Evenhanded biography of the indie-rock chanteuse.
Admirably avoiding either hagiography or hatchet job, Blender editor at large Goodman constructs her judicious nonfiction debut mainly from the input of music-industry scenesters closest to Chan Marshall during her evolution from interestingly awkward up-and-comer to the hot international commodity known as Cat Power. The author especially excels at re-creating the neo-bohemian social milieus that shaped Marshall’s life and early career—specifically her anarchic Southern Age of Aquarius childhood (raised by a mildly schizoid mother and struggling neo-hippie musician father) and her early-1990s struggles as a starving artist in not-yet-gentrified neighborhoods like Cabbagetown in Atlanta and New York City’s Lower East Side. Marshall’s rise to indie-rock scene-queen was sparked by an anti-performance ethos that seduced alt-rock power-brokers like Sonic Youth’s Thurston Moore and Gerard Cosloy of Matador Records. By the mid ’90s, her childlike fragility on stage and soul-baring vocals had positioned Cat Power as the most talked-about act on the NYC scene. She combined an irresistible androgyny with intensely personal songs that managed to be as confessional as they were inscrutable. Goodman dexterously tiptoes around any absolutist judgments on whether Marshall’s now-legendary onstage meltdowns were contrived publicity stunts or simply the result of a genuinely shattered psyche; we’re logically led to believe it’s a combination of both. Although the author reveals a deep-seated respect for her subject, she doesn’t let the slippery singer-songwriter off the hook. Detailing Marshall’s near-psychotic episodes, weighing her quietly manipulative nature or describing her 2006 near-suicide attempt, Goodman expresses a polite skepticism that penetrates the haze of press hype and effectively navigates through the artist’s self-mythologizing smokescreens.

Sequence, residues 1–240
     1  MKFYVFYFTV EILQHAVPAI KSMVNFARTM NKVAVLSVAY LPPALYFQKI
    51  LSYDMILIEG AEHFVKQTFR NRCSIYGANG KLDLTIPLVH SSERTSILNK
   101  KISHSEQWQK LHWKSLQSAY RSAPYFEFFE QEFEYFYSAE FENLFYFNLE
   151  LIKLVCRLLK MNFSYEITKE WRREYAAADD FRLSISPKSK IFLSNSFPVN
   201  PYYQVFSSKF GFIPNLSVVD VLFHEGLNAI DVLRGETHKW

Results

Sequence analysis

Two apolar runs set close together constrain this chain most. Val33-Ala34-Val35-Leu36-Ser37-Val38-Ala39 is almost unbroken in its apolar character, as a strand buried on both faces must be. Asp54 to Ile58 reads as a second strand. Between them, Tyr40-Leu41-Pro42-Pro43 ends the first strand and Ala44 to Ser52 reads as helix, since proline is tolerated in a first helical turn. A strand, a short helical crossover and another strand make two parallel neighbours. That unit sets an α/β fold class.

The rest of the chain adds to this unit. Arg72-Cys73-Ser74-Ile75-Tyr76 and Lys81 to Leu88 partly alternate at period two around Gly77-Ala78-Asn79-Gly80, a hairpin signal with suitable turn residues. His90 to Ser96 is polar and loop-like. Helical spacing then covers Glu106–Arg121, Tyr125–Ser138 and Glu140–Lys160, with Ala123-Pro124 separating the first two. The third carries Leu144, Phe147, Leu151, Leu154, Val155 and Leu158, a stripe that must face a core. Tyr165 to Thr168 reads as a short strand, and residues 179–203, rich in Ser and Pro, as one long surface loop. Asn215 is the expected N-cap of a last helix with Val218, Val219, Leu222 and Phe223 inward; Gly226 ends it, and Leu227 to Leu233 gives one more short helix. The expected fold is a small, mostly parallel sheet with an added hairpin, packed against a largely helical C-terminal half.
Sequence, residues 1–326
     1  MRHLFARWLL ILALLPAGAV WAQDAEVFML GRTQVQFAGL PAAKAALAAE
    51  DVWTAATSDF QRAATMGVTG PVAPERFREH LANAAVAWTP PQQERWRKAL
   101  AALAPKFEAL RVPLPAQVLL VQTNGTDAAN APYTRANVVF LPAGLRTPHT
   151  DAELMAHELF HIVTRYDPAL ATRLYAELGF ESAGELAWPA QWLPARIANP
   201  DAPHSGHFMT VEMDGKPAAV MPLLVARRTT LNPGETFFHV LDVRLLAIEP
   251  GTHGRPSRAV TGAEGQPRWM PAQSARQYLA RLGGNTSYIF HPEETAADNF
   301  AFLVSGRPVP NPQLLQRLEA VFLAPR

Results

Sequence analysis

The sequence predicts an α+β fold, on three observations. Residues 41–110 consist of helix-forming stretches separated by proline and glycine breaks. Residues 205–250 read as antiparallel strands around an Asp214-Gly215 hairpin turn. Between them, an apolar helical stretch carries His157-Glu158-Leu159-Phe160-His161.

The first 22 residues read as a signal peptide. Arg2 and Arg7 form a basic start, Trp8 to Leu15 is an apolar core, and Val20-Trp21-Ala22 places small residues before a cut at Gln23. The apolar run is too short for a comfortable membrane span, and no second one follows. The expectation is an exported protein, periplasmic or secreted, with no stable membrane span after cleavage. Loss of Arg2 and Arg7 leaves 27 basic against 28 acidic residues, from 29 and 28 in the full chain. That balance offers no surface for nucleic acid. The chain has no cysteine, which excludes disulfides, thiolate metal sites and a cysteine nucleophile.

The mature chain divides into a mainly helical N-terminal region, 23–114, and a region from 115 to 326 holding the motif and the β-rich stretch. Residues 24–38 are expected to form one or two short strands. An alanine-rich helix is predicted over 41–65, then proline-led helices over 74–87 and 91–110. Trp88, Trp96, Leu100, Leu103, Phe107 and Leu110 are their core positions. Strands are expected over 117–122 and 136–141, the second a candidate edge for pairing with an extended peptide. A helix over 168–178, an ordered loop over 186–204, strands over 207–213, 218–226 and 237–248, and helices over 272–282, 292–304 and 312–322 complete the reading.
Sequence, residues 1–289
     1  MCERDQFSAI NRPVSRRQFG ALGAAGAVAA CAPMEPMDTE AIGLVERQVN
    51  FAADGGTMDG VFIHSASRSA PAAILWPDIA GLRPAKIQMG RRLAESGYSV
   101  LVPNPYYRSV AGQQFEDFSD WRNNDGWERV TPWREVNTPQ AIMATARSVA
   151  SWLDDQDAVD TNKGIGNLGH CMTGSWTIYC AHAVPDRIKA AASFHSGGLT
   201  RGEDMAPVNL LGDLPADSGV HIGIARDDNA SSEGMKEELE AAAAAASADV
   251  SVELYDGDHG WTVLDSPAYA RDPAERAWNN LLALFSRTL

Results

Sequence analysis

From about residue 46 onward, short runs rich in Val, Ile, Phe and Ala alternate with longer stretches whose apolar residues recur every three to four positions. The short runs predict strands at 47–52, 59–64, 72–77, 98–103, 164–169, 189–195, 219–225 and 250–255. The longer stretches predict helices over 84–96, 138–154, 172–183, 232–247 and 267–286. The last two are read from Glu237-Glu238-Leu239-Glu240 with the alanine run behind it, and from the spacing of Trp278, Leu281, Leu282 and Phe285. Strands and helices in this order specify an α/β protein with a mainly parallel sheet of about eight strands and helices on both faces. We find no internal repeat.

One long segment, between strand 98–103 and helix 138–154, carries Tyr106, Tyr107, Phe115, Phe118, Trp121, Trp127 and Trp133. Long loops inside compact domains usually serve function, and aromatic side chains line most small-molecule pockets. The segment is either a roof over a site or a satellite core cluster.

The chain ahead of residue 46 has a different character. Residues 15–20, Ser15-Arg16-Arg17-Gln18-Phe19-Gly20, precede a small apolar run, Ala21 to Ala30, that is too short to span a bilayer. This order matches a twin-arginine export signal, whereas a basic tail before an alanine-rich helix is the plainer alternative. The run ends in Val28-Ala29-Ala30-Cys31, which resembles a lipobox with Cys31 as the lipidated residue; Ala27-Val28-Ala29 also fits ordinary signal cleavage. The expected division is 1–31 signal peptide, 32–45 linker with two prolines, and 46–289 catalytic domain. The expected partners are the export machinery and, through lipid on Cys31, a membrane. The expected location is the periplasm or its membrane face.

An impressive balance of journalistic objectivity and sympathetic tribute.